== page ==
A pardon is an action by an executive official whereby the government mitigates or sets aside a punishment for a crime. The granting of a pardon to someone who has committed a crime or who has been convicted of a crime is called an act of clemency
, or otherwise an act of forgiveness. Many pardons are granted to those who are considered deserving, or who have been wrongfully convicted.
On the state level, either a governor or a pardon board composed of high-ranking officials grants a pardon. On the federal level, the president has the power to grant a pardon. Only the president can pardon for violations of federal law and governors are only allowed to pardon violations against the laws of their states.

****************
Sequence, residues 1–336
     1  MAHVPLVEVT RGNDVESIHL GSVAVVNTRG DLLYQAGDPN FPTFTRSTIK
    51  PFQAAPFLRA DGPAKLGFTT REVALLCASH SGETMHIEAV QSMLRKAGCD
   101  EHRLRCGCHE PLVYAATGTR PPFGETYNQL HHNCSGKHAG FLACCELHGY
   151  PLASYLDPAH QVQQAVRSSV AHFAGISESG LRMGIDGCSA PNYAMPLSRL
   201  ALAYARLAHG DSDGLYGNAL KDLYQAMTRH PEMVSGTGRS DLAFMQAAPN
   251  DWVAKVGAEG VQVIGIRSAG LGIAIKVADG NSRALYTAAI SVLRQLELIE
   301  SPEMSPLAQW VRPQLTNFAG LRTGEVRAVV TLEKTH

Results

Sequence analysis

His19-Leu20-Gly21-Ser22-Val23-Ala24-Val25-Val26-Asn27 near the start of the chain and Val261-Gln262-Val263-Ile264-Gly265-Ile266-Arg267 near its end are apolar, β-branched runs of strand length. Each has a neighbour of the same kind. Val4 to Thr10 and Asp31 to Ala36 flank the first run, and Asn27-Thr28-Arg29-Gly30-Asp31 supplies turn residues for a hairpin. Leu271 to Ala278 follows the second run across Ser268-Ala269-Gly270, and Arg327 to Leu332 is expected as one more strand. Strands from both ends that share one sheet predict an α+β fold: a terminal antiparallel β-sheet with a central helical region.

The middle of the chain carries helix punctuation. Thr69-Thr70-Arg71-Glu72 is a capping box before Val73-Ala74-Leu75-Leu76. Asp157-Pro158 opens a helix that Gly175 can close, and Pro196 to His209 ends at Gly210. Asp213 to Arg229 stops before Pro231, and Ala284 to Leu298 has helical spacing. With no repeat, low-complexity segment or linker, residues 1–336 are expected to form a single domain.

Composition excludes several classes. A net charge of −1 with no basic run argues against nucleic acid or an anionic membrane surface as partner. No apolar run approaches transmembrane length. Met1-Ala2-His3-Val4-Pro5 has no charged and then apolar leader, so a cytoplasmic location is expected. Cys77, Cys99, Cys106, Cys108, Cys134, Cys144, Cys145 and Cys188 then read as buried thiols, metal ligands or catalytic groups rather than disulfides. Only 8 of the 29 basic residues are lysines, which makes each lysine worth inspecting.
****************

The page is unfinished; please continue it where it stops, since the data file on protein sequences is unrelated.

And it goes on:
Once a pardon has been granted, all remaining penalties or punishments are removed, thereby preventing new prosecution. The pardon strikes the conviction from the books as if it never occurred, and the sentenced served is cleared from the defendant's record.